Albany County Land Bank gets $1.8M from state

Enterprise file photo — Michael Koff

The blighted Governors Motor Inn on Route 20 in Guilderland was sold through the Albany County Land Bank; the burned-out building has since been demolished and the site now houses a self-storage center.

ALBANY COUNTY — Among the 24 New York land banks receiving a total of nearly $26 million from the state, Albany County Land Bank got a $1.8 million grant.

Separately, the Capital Region Land Bank received $1,757,475, according to a Friday release from the governor’s office.

The funding, made available through the state’s Land Bank Initiative, is meant to help eliminate blight, increase housing supply, assist local economic development efforts, spur the availability of homeownership opportunities, and improve the quality of life in communities that have experienced disinvestment, according to the release.

The grants were awarded on a competitive basis through a request for applications issued by New York State Homes and Community Renewal. The funds are drawn from $50 million allotted for the Land Bank Initiative in the 2023 state budget.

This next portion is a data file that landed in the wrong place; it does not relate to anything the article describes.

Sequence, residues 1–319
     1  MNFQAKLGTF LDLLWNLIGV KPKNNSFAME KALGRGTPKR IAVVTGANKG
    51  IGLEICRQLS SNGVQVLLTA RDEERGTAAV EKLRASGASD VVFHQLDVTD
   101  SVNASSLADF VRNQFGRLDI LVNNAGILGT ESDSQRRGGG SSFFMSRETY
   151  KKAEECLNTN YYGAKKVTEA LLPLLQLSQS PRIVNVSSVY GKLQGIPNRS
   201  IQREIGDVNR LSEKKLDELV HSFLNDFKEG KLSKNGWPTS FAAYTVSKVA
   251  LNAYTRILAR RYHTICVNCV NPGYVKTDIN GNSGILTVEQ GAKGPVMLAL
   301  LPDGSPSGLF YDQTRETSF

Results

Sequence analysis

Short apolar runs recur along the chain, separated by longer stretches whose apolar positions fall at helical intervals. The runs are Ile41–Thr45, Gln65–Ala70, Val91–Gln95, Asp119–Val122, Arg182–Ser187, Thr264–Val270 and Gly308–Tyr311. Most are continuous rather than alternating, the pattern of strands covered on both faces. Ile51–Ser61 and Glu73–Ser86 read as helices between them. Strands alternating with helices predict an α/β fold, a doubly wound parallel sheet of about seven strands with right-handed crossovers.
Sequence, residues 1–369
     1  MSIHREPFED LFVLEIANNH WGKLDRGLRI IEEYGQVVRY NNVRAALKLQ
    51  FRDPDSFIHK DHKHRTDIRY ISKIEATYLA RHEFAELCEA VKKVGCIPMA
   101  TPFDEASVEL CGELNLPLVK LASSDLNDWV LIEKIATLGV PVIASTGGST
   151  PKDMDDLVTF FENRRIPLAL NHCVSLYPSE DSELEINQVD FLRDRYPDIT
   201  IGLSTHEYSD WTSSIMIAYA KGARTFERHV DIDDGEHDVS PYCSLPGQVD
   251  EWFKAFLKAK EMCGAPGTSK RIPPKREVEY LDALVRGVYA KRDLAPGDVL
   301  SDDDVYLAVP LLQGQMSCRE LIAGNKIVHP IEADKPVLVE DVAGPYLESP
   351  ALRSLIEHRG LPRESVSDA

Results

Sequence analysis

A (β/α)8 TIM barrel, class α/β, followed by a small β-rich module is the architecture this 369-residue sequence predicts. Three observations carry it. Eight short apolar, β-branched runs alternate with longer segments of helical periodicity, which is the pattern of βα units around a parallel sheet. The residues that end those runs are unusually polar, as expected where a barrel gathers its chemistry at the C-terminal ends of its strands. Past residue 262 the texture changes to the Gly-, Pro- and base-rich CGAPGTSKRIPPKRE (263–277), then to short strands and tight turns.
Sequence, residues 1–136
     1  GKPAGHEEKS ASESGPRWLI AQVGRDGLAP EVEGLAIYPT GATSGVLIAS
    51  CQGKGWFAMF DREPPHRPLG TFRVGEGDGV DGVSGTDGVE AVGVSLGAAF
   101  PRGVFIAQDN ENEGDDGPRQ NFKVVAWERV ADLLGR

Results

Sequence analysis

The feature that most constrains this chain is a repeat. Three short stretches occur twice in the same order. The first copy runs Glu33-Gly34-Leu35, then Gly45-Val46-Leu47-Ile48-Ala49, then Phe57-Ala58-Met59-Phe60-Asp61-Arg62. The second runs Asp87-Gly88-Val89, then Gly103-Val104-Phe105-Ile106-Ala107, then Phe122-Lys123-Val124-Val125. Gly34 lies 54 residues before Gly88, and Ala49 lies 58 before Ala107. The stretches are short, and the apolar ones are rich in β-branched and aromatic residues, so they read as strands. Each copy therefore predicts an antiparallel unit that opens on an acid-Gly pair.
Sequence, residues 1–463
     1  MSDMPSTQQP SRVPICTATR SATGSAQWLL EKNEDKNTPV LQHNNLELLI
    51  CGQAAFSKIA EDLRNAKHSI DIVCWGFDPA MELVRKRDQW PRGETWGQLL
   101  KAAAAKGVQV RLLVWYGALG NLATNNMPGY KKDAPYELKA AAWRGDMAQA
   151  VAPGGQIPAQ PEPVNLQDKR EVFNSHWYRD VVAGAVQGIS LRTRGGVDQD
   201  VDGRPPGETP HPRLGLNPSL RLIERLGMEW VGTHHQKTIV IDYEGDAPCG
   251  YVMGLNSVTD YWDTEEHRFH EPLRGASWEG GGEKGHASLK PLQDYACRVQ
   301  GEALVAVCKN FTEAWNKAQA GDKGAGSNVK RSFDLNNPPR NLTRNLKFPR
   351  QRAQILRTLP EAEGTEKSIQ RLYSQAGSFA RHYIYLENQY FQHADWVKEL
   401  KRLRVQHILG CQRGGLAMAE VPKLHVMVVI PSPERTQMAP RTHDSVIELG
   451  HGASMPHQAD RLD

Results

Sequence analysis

New York’s land banks were established in 2012 with passage of the New York State Land Bank Act. Land banks are local public authorities designed to acquire, stabilize, assemble, and facilitate the redevelopment of blighted and abandoned properties in order for them to be returned to productive use. There are currently 26 land banks across the state.

“This program will empower local nonprofits — the people that know their communities best — to help increase homeownership while repairing the fabric of their neighborhoods,” said Governor Kathy Hochul in the release.

“This award will enable us to address some of the most challenging vacant and abandoned properties in our communities and transform them into new opportunities for affordable housing,” said Adam Zaranko, executive director of the Albany County Land Bank Corporation, in his own release.

“Albany County is proud to have already invested nearly $4 million in our land bank since it was created in 2014,” said Albany County Executive Daniel Mccoy in a statement. “During these nine years, the Albany County Land Bank has helped us to revitalize entire neighborhoods.”

— Melissa Hale-Spencer

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